The Night by Elie Wiesel explores the painful experiences of the narrator (Elie) during the Holocaust. Elie had a deep connection with God in his childhood. The narrator studies the Torah and Cabala, attend the synagogue and prays until he weeps to reflect his deep faith and connection with God (Wiesel 3). Elie had never imagined his life without God.
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However, actions of the Nazi make Elie lose his belief and faith in God (Grabois 1). It is important to note that the narrator struggles to keep his faith in God. This happened when Elie went to Auschwitz. He notes, “Never shall I forget those moments which murdered my God and my soul and turned my dreams to dust” (Wiesel 34).
Elie started to wonder why innocent people would suffer while there was God. However, Elie never lost his faith in God completely. While at the camp, Elie noted that some men discussed God, sins, mysteries, and redemption (Sternlicht 29). These characters doubted God and His absolute power, but they never ceased to believe in His existence. Akiba Drumer says:
“God is testing us. He wants to see whether we are capable of overcoming our base instincts, of killing the Satan within ourselves. We have no right to despair. And if He punishes us mercilessly, it is a sign that He loves us that much more…” (Wiesel 45).
This encounter with Akiba Drumer helps Elie to maintain his belief in God throughout the Holocaust. However, Elie had to request Akiba Drummer to recite Kaddish for him. Elie reflects an inner struggle with the belief in God, “Blessed be God’s name? Why, but why would I bless Him? Every fiber in me rebelled….” (Wiesel 67-68). Elie provides several reasons why his belief in God is weak while he is in the concentration camp.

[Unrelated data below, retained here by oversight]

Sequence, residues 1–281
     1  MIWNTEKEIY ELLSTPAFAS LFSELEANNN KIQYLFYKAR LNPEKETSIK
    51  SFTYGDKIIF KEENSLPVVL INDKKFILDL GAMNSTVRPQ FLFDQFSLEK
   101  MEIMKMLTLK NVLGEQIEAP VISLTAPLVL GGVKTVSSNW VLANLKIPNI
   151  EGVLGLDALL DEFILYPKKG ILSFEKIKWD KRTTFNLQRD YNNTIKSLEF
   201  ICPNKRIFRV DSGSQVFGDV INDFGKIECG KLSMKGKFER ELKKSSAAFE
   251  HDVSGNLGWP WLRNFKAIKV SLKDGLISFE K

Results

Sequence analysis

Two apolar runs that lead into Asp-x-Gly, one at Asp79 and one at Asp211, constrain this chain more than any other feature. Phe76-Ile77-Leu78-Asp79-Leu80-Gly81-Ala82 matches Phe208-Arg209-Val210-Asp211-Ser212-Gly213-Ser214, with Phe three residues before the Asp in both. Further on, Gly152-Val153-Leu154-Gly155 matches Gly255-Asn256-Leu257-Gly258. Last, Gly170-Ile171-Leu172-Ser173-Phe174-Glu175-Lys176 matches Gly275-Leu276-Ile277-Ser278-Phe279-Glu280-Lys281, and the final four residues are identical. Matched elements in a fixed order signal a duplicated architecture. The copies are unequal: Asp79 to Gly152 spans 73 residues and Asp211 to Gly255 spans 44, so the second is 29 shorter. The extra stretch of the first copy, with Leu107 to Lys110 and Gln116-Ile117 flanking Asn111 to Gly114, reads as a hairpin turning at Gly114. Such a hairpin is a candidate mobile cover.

He believes that God is responsible for the massacre that humanity experiences at “Auschwitz, Birkenau, Buna, and so many other factories of death” (Wiesel 67). Elie wonders how he could once again praise the name of God after the massacre (Donadio 1-2). The narrator says that he was no longer able to “lament or plead anything to God” (Wiesel 68). Elie’s struggle makes him change roles with God, “I was the accuser, God the accused” (Wiesel 68).
Elie realizes how he was alone without God or man in the world. His faith sank further. Although Elie questions the whole concept of faith in God, he never stops to ask questions that connect him with God. His anger reflects an inner struggle and deep sentiments for belief in God. Elie constantly refers to religious metaphors to show that he still believes in God (Devera 1-2).
However, Elie restores his faith in God, “My God, Lord of the Universe, give me the strength never to do what Rabbi Eliahou’s son has done” (Wiesel 91). Elie realizes that he is weak without strengths from God and asks for power and strengths from Him. The narrator cannot face the death of his father on his own, and he regrets that his father had no religious memorial. A prayer rose from Elie’s heart to God to show that Elie had not completely lost his belief in God. The narrator seeks help from God when he can no longer control himself. At the end of the novel, one can observe that Elie’s faith in God remains intact.
Devera, John. Eliezer’s struggle to maintain faith in God in Night, 2008. Web.
Donadio, Rachel. The Story of ‘Night’, 2008. Web.
Grabois, Andrew. Elie Wiesel and the Holocaust, 2008. Web.
Sternlicht, Sanford. Student Companion to Elie Wiesel. Westport: Greenwood Press, 2003. Print.
Wiesel, Elie. Night. New York: Hill and Wang, 2006. Print.